Calling the program the “first real-world smart-grid pilot,” GM said hundreds of utility employees will drive leased Chevy Volts as their everyday vehicles in the third quarter of this year. Using OnStar’s technology, the utilities “will be able to accurately monitor and manage the energy used” by the plug-in hybrids. Data collected “will give the utility deep insight into where and when EVs are charged and demand response, which allows the utility to reduce peak demand by shifting EV charging to non-peak hours,” GM said.
News of GM and OnStar’s partnership to quantify electricity consumption related to EV use is a practical step toward understanding the patterns of drivers, particularly those who charge at home instead of at charging stations. Of course, in the future, smart meters and the data available to consumers could factor greatly into charging habits.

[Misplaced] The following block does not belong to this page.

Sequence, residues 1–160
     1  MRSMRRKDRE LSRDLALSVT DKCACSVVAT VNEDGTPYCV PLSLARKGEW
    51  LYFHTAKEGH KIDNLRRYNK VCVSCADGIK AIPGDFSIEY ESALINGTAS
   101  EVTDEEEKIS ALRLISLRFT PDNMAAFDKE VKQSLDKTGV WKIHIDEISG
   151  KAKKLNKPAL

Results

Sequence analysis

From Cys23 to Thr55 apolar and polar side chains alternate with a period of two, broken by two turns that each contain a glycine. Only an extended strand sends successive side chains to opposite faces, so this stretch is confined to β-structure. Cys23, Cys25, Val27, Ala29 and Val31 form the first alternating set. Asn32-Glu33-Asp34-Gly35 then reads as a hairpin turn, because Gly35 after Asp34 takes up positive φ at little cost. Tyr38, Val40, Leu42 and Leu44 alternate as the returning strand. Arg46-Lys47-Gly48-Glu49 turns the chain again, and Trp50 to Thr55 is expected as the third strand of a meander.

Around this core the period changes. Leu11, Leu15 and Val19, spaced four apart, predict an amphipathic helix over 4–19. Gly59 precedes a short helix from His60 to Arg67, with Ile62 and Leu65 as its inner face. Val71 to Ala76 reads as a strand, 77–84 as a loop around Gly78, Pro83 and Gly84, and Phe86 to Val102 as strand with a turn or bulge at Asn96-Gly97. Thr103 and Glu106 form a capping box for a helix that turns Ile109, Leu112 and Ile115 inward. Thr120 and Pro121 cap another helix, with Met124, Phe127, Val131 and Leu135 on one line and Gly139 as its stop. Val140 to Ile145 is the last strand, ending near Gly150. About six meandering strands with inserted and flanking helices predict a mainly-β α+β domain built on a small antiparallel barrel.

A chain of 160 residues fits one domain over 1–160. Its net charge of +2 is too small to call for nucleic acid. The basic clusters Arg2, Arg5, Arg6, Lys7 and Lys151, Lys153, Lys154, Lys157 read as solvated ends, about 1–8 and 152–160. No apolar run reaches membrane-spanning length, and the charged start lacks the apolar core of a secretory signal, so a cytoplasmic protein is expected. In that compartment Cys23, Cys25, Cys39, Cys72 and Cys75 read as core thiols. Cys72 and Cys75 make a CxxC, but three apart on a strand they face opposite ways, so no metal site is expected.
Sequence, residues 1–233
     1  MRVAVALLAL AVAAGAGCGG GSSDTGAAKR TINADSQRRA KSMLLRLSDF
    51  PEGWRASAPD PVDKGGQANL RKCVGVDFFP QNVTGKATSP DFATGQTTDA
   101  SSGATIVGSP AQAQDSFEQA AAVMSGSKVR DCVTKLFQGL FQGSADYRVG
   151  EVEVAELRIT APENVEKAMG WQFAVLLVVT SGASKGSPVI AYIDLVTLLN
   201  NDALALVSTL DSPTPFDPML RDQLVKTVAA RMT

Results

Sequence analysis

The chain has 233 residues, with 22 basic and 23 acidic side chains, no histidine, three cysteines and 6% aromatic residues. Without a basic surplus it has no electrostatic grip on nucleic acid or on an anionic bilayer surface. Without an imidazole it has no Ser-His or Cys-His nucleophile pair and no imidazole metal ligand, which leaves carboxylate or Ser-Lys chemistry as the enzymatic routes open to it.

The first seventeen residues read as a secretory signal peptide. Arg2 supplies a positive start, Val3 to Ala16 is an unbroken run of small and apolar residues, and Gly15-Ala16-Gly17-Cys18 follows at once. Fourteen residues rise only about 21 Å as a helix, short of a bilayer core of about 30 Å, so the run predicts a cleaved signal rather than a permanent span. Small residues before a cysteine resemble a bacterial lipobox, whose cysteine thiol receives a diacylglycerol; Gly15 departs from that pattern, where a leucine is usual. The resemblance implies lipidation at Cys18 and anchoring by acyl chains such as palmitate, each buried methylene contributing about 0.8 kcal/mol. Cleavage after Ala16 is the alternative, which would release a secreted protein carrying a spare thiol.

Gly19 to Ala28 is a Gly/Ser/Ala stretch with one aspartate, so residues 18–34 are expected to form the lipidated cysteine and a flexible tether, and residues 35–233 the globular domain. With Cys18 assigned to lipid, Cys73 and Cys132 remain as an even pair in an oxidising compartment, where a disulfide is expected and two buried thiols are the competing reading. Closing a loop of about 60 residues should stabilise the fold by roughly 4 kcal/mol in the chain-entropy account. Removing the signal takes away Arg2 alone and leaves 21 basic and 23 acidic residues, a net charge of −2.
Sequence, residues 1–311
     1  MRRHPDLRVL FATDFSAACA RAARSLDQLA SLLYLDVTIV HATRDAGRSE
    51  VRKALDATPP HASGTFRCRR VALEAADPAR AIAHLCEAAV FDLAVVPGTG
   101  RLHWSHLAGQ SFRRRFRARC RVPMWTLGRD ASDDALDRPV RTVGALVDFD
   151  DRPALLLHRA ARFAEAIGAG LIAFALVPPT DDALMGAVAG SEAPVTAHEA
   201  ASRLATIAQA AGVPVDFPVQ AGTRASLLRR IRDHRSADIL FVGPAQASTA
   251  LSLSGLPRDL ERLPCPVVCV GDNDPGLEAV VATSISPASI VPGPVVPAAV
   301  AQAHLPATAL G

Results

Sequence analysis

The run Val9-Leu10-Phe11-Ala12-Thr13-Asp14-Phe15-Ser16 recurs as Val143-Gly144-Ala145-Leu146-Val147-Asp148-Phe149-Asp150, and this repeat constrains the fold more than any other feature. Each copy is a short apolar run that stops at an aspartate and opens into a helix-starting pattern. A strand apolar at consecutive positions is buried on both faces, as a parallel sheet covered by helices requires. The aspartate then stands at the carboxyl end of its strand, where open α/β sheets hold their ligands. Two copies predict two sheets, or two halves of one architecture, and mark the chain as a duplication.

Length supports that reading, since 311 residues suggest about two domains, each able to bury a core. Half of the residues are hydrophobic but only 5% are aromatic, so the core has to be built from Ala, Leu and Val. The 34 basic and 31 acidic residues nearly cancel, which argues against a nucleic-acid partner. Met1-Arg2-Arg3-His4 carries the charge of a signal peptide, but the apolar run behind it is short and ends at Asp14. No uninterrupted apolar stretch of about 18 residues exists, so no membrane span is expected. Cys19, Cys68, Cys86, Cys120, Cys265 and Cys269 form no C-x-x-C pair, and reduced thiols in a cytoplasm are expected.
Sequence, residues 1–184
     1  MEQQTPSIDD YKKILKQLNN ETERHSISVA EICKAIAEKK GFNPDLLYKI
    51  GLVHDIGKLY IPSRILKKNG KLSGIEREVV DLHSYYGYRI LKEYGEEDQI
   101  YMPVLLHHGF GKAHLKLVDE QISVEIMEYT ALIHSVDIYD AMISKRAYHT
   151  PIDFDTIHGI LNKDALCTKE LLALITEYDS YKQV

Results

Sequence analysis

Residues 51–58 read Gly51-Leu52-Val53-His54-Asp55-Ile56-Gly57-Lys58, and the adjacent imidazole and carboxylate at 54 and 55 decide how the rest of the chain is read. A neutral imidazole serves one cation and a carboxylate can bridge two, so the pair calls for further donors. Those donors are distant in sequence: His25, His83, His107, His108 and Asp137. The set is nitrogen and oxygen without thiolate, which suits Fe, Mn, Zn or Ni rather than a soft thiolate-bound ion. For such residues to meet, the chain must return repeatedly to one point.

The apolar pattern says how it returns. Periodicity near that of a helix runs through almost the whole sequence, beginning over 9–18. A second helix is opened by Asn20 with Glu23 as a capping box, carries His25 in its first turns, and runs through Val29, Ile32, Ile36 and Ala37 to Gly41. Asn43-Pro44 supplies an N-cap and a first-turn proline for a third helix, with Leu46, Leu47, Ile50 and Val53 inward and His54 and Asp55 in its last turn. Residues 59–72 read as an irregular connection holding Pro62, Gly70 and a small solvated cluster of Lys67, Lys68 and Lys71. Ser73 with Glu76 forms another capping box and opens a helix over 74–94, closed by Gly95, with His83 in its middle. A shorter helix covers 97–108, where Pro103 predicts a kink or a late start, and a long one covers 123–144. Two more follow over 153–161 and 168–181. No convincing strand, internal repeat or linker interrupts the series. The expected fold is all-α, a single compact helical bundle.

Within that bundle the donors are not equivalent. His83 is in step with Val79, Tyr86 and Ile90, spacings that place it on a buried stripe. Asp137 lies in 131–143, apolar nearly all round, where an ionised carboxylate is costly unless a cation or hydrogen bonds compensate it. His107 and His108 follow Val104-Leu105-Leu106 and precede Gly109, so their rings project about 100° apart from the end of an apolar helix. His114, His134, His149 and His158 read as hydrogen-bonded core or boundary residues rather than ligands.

We recently reported on a program in the United Kingdom that will start to provide some of that information to consumers, as well as on efforts in California to protect the unencrypted data of consumers using smart meters. Hopefully, initiatives like these will improve efficiency and knowledge, as one report earlier this year suggested utility providers are unprepared for the potential stress charging new cars could have on infrastructure.